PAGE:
There’s been lots of talk lately about Bing. Bing is constantly improving their product to meet their clients needs. Back in October of 2014 Bing announced the launch of their new Universal Event Tracking, also known as UET. Bing Universal Event Tracking looks and functions in the exact same way as Google’s event tracking does.
At first I thought it was a bold move for Bing to basically copy and paste the way Google did things, but the more I thought about it, I realized I get it. The way Google does things works and is familiar. A new users to Bing Ads will most likely already have some Google Adwords knowledge, so why complicate things and re-invent the wheel?
With the launch of Bing’s UET many of our clients noticed the similarities between the two services, thus bringing up the question of “how do we see our Bing Paid Calls as conversions within the Bing interface?” To answer this it’s best to fully understand how event tracking works and how CTM communicates the events into Google Analytics.
Google defines Events as “user interactions with content that can be tracked independently from a web page or a screen load. Downloads, mobile ad clicks, gadgets, Flash elements, AJAX embedded elements, and video plays are all examples of actions you might want to track as Events. An Event has the following components. An Event hit includes a value for each component, and these values are displayed in your reports.”
- Label (optional, but recommended)
- Value (optional)
For example, you might set up a video “play” button on your site so that it sends an Event hit with the following values:
- Category: “Videos”
- Action: “Play”
- Label: “Baby’s First Birthday”
Bing’s definition of event tracking: “The Universal Event Tracking automatically tracks destination, duration, and pages-per-visit goals.” However, you also have the option to customize tags for unique event goals. For example, you might want to measure how many times a user pressed play on a video, or the number of downloads made from your site. Bing Ads automatically tracks the first three types of goals based on page changes, while a change in the URL isn’t required to track event goals.
The code for events consists of four values you can use to define a user’s interaction. None of the parameters are mandatory, but you must define at least one value:
- Event category (ec): The object you want to track (e.g., “button”).
- Event action (ea): The type of interaction the user takes with the object from your event category (e.g. “click”).
- Event label (el): Useful field for you to label details about the event (e.g. “purchase button”).
- Event value (ev): Use this field to associate non-negative numerical data with the goal to track counts (e.g. A video is paused four times).”
Event tracking is significant because standard analytics tracking occurs when a visitors clicks from one page to another and doesn’t report any activity that occurs within a page. The common denominators between the event tracking systems are that both are tracking actions that occur within a page using their own tags / tracking codes.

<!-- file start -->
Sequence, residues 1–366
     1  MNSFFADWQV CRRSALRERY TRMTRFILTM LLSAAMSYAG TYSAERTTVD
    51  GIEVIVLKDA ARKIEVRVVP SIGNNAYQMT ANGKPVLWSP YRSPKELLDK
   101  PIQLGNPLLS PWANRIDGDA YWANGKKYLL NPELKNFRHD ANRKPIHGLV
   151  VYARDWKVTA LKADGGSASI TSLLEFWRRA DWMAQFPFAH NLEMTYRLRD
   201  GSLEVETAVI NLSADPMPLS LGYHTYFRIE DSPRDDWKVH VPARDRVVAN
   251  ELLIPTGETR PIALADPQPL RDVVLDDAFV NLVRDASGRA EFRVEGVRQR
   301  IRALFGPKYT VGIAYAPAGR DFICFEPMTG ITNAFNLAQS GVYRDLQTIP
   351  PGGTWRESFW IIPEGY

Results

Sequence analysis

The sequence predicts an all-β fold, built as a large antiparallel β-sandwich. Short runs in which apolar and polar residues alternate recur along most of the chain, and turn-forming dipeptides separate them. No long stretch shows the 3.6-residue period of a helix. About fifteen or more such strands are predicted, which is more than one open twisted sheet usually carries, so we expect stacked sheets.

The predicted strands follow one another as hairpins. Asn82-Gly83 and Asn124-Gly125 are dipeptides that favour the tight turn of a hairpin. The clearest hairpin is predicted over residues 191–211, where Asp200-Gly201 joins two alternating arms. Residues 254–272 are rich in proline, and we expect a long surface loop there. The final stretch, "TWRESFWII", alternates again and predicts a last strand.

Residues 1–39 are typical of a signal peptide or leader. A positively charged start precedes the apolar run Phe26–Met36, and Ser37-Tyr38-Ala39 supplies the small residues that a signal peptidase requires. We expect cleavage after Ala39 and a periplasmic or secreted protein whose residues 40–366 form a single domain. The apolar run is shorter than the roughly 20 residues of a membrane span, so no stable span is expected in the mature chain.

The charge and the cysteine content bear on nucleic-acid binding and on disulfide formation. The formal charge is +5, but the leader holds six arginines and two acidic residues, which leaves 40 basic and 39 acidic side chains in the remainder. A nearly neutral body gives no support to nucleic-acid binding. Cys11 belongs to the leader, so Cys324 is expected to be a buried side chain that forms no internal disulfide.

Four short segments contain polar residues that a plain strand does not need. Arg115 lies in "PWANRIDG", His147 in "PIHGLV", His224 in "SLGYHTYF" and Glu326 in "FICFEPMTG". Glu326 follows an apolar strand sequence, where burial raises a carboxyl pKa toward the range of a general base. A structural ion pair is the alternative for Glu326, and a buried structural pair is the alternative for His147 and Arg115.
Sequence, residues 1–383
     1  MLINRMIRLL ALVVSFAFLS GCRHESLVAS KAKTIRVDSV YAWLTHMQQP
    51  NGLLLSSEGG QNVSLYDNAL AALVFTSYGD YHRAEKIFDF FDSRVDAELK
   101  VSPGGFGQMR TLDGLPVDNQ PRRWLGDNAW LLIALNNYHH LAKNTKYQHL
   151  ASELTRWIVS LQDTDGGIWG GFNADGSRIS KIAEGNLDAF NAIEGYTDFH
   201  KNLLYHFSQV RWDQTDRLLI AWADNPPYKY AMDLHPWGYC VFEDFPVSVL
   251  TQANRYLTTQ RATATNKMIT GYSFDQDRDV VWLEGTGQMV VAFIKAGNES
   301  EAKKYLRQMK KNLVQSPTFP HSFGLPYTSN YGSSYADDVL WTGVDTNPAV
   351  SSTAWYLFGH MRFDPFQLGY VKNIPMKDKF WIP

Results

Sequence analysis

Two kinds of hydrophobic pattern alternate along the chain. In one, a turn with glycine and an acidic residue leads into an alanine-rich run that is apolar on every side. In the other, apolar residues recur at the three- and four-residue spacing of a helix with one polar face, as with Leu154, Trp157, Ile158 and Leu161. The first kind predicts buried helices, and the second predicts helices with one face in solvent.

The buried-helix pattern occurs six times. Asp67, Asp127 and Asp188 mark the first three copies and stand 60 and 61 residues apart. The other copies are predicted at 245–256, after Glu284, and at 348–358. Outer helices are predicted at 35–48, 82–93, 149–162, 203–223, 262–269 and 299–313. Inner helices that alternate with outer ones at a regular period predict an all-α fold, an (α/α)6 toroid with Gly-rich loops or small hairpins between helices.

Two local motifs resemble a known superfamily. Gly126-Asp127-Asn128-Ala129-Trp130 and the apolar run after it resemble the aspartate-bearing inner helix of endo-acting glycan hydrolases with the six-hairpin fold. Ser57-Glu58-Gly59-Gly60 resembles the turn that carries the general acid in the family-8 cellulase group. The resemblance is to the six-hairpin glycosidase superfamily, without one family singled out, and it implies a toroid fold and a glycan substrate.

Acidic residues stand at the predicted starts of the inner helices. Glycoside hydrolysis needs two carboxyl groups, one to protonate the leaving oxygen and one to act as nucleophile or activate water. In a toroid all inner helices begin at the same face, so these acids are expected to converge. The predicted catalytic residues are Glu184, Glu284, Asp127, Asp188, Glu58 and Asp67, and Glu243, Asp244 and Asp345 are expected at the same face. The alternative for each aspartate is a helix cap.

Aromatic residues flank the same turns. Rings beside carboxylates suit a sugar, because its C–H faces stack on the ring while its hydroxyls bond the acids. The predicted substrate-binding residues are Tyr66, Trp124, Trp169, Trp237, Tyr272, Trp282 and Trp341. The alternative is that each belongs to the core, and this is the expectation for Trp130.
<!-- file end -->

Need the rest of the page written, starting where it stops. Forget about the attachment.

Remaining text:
The tags they use to track events can only track what happens on the page. For example if someone is on a mobile device and they click-to-call, that action can be recorded as an event. Having a goal around that event can be imported into Adwords and thus creating a conversion. With the event tracking tag they can track what page I’m viewing but they can’t relate me picking up my mobile phone and dialing the number I see on my desktop. The phone calls placed from a separate device aren’t trackable; there’s just no way from them to be able to capture that information.
This is when the CTM tracking code comes into play, because the phone numbers on the page are dynamically swapping. CTM’s algorithms in conjunction with standard website tracking are able to identify exactly where and when the phone numbers were visible and using several other matching techniques CTM is able to make an accurate match between the website visitor and caller.
The Adwords conversions that are generated from the call events aren’t triggered from Google’s tag or tracking code. They are triggered from CallTrackingMetrics and CallTrackingMetrics sends the event data into Google Analytics. This is accomplished by utilizing Google’s APIs. Google’s API allows CallTrackingMetrics to have a direct integration with them creating a seamless line of information being passed from CallTrackingMetrics into Google Analytics and from Analytics back into CallTrackingMetrics. Google’s API allows CallTrackingMetrics to send the call event into their system. Because the CallTrackingMetrics tracking code and Google’s tracking code are both present on the site, Google Analytics and Adwords are able to make a direct match between the information, and in turn justify the conversion.
Bing on the other hand has an API, but they do not allow CTM to send “off screen” or “offline” events into their system. Because CTM isn’t able to send the call event data into Bing, the calls generated from Bing paid ads aren’t going to count as conversions. The only way Bing can generate a call conversion is when there is a physical click on the page and in this case it would have to be a click-to-call. CallTrackingMetrics can determine that a call came from a Bing Ad and can capture all the keyword data in our our interface, but we are unable to send that information into Bing.
The feature request we would require to enable this capability is Offline Conversions Upload and unfortunately it’s not supported yet by BingAds.